At the company’s annual general meeting on Monday, Pick n Pay chairman Gareth Ackerman said although South Africa was not yet over the worst, the country was heading in a distinctly more optimistic direction. He said more focus needed to be placed on creating employment.
“In just about every public survey, the number one priority for South Africans is employment. It’s not difficult to see why: with job security comes dignity, the ability to chart your own future, provide for your family and play a meaningful role in the economy,” said Ackerman.
He said that, over the past three years, Pick n Pay had invested R5.3billion in opening and refurbishing stores and building its supply chain. These investments had created almost 14 000 new jobs.
“I was delighted to see just this past month Pick n Pay winning the Future of HR Awards as Employer of Choice for 2018. We hope that, with the focus on foreign investment into South Africa, it is not just replacement capital but new investment into the economy. Local companies need to be recognised and incentivised to increase their investment and create jobs,” said Ackerman.
He added that, over the next three years, Pick n Pay would look to create another 15 000 jobs. “This will bring many young people into the world of work and the opportunities that retail provides to build a career and progress in the world. But the firm’s impact is far wider: we work with about 10 000 suppliers, and last year spent nearly R68bn with them. This provides jobs to more than 400 000 people.”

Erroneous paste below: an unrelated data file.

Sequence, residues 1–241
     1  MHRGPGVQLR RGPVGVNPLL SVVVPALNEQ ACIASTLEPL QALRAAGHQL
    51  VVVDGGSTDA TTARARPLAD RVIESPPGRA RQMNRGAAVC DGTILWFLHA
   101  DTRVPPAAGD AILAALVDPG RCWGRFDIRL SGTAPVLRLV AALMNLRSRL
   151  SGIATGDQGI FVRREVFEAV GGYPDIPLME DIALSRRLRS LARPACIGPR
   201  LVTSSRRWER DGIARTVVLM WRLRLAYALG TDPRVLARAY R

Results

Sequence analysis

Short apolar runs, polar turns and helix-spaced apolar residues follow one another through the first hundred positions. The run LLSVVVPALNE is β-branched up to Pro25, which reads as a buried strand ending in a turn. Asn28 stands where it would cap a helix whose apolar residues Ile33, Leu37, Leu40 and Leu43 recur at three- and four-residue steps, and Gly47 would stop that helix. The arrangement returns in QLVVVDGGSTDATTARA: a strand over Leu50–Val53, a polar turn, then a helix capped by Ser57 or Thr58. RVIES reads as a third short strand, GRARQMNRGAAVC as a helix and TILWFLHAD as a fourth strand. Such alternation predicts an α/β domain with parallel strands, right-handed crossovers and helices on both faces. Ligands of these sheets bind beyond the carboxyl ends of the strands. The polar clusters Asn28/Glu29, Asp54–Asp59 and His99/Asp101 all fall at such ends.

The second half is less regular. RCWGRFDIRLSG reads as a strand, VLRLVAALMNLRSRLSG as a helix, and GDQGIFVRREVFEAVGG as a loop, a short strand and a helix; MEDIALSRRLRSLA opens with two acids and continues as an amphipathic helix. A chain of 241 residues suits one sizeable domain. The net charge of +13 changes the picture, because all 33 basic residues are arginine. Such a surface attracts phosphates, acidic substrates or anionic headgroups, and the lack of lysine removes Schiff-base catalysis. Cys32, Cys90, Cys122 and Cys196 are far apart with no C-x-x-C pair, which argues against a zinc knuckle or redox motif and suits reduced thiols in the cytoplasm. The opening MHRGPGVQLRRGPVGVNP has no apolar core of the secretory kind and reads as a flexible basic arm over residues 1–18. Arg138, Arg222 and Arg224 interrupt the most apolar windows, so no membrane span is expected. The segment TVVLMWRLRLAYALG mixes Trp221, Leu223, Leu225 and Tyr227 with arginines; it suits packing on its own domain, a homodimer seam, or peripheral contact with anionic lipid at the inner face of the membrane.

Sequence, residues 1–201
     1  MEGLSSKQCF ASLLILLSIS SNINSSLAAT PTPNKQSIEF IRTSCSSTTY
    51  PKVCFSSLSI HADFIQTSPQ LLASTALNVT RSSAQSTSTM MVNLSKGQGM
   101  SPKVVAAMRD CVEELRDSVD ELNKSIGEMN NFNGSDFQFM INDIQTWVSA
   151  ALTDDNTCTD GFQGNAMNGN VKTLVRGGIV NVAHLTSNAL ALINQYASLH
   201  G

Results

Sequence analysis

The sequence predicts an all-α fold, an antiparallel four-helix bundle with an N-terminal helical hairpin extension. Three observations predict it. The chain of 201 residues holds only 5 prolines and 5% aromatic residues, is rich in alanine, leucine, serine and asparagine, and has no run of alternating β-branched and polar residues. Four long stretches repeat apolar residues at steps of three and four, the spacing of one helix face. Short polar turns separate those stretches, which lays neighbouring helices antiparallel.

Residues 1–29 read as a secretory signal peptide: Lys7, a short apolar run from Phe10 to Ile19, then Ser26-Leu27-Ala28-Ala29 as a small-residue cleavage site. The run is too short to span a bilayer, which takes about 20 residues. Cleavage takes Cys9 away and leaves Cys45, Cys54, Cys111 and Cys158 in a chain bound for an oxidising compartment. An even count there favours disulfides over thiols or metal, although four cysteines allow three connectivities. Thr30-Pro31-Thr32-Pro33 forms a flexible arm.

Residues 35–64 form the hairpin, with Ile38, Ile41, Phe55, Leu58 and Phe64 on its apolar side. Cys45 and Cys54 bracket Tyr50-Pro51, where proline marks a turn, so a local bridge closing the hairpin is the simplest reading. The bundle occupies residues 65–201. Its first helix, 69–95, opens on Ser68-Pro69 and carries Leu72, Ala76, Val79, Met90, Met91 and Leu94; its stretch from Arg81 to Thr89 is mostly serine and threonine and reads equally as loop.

Ackerman said about a million people were directly affected by being employed at Pick n Pay.
Pick n Pay spokesperson Tamra Veley said the retailer planned to create the 15 000 jobs by growing.
“The more we grow, the more opportunities we create for employment. So we drive job creation through long-term sustainable growth, through new store openings or refurbishments. We also invest strongly in small suppliers through our Enterprise and Supplier Development programme. By providing mentorship and access to markets to these small-business owners, they are able to grow their businesses and, in turn, employ more people,” said Veley.
She said 124 new stores had been opened during the retailer’s current financial year, adding 3.1% to turnover growth and 3.3% to trading space.
“The group plans to invest a further R1.7bn next year in new stores, refurbishments and in building our supply chain capacity. Total retail trading space will increase by an estimated 3% in 2019, in line with this year,” said Veley.
Ackerman said another important way the retailer contributed to economic activity was through its franchise stores, almost a third of which are black-owned and nearly 40% are either exempted micro enterprises or qualifying small enterprises. Franchisees employ 21000 people.
“Our franchisees play a critical role in promoting the growth of small suppliers. The relationships they develop help small suppliers integrate into the formal supply chain and a national market. Many are emerging farmers,” he said.
Ackerman said Pick n Pay was in talks with the Consumer Goods Council of SA and the Department of Trade and Industry for these small businesses and franchisees to receive better recognition on the company’s black economic empowerment scorecard. As they're individually owned, they don't contribute to its BEE score.